Applying mobile phones in healthcare is increasingly prioritized to strengthen healthcare systems. Antenatal care has the potential to reduce maternal morbidity and improve newborns' survival but this benefit may not be realized in sub-Saharan Africa where the attendance and quality of care is declining. We evaluated the association between a mobile phone intervention and antenatal care in a resource-limited setting. We aimed to assess antenatal care in a comprehensive way taking into consideration utilisation of antenatal care as well as content and timing of interventions during pregnancy.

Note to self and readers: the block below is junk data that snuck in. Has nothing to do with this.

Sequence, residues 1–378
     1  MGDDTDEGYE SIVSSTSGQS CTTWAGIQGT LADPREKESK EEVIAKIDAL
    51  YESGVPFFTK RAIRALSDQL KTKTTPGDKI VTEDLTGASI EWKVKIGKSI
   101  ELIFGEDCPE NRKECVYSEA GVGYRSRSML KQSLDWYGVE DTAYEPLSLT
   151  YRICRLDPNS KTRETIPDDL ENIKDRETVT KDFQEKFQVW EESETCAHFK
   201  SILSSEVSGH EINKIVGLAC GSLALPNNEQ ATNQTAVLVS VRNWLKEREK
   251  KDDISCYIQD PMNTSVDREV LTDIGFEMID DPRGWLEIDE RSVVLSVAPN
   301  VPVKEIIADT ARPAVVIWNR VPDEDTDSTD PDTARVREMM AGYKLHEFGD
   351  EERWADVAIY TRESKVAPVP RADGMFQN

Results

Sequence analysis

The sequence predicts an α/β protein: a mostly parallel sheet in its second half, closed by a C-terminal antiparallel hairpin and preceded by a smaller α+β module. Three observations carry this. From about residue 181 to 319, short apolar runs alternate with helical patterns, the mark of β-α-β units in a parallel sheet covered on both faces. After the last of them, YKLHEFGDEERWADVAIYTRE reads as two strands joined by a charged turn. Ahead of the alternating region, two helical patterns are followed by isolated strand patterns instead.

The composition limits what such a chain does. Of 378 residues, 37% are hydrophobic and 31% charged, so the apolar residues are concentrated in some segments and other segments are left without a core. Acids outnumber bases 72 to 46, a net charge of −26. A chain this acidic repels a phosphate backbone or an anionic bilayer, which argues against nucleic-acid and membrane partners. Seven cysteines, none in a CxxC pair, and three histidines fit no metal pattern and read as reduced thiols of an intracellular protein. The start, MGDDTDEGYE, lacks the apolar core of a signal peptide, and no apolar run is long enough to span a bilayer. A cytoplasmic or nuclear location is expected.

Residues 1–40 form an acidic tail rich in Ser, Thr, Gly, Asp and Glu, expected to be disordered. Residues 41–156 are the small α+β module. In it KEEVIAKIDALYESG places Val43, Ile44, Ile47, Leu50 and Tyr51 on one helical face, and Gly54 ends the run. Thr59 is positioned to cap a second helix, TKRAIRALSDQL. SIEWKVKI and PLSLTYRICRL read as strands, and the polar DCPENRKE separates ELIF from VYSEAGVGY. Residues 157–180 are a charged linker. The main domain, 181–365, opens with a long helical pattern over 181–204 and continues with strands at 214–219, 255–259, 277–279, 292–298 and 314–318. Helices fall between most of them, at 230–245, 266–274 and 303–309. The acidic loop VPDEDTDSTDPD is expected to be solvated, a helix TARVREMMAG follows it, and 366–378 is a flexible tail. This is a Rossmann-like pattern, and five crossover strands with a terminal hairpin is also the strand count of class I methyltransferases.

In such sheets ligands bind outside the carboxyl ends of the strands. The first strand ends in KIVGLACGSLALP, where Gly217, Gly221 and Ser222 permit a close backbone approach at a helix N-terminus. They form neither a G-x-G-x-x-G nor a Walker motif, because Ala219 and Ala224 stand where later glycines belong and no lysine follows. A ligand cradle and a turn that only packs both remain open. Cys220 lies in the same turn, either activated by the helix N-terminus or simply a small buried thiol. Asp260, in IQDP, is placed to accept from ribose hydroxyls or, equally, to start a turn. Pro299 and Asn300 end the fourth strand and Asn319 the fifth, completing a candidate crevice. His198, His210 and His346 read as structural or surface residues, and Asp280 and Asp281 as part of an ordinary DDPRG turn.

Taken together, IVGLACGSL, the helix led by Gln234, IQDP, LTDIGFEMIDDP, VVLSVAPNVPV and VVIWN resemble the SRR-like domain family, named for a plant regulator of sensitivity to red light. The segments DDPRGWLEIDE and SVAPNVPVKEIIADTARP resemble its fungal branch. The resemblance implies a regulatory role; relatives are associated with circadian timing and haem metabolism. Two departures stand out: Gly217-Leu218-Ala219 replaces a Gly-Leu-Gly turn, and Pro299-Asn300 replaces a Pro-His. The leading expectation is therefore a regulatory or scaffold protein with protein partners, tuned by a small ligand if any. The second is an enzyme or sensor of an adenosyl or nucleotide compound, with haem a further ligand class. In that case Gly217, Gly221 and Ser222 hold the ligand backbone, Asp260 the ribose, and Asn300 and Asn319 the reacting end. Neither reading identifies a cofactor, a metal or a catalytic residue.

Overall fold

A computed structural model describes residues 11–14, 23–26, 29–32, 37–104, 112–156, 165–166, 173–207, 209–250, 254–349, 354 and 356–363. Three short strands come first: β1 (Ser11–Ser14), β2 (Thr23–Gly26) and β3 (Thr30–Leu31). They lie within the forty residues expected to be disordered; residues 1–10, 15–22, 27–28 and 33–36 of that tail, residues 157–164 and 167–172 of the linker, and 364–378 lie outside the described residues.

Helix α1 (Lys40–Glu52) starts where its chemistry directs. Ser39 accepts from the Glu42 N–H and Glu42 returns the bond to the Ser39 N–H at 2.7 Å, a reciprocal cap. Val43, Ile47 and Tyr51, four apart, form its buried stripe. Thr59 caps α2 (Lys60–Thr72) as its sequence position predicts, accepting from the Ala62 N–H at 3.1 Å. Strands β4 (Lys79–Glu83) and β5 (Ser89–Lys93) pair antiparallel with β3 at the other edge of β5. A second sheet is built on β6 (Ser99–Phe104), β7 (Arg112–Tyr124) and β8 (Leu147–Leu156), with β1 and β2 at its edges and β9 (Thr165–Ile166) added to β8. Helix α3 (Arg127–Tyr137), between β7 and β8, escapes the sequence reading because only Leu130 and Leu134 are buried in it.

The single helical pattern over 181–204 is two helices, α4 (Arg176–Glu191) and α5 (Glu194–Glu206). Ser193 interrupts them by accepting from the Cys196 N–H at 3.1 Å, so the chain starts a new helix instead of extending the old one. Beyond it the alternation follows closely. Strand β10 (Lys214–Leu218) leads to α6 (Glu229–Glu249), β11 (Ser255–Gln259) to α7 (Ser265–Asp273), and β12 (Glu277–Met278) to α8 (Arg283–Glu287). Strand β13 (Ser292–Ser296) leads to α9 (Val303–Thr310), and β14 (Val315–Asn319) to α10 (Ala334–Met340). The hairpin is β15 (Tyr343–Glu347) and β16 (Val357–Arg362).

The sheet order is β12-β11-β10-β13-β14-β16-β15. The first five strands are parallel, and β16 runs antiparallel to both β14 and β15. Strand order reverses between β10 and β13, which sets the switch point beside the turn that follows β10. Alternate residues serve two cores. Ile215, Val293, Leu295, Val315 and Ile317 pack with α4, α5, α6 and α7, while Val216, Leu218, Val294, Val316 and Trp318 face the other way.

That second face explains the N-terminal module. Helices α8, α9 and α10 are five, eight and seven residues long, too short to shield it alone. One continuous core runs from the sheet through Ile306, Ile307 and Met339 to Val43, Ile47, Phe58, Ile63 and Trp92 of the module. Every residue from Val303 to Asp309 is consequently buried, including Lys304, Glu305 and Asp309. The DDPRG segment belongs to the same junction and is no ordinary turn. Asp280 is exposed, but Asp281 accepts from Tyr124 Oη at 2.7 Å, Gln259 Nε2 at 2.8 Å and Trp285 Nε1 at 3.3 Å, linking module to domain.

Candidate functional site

BACKGROUND: The use of mother’s own breast milk during initial hospitalization has a positive impact not only in reducing potential serious neonatal morbidities but also contribute to improvements in neurodevelopmental outcomes. Mothers of very preterm infants struggle to maintain a supply of breast milk during their infants' prolonged hospitalization. Galactogogues are medications that induce lactation by exerting its effects through oxytocin or prolactin enhancement. Domperidone is a potent dopamine D2 receptor antagonist which stimulates the release of prolactin. Small trials have established its ability in enhancing breast milk production. EMPOWER was designed to determine the safety and efficacy of domperidone in mothers experiencing an inadequate milk supply.Methods/designEMPOWER is a multicenter, double masked, randomized controlled phase-II trial to evaluate the safety and effectiveness of domperidone in those mothers identified as having difficulty in breast milk production. Eligible mothers will be randomized to one of two allocated groups: Group A: domperidone 10 mg orally three times daily for 28 days; and Group B: identical placebo 10 mg orally three times daily for 14 days followed by domperidone 10 mg orally three times daily for 14 days. The primary outcome will be determined at the completion of the first 2-week period; the second 2-week period will facilitate answering the secondary questions regarding timing and duration of treatment. To detect an estimated 30% change between the two groups (from 40% to 28%, corresponding to an odds ratio of 0.6), a total sample size of 488 mothers would be required at 80% power and alpha = 0.05. To account for a 15% dropout, this number is increased to 560 (280 per group). The duration of the trial is expected to be 36–40 months. DISCUSSION: The use of a galactogogue often becomes the measure of choice for mothers in the presence of insufficient breast milk production, particularly when the other techniques are unsuccessful. EMPOWER is designed to provide valuable information in guiding the practices for this high-risk group of infants and mothers. The results of this trial will also inform both mothers and clinicians about the choices available to increase and maintain sufficient breast milk.Trial registrationClinical Trials.gov Identifier: NCT01512225.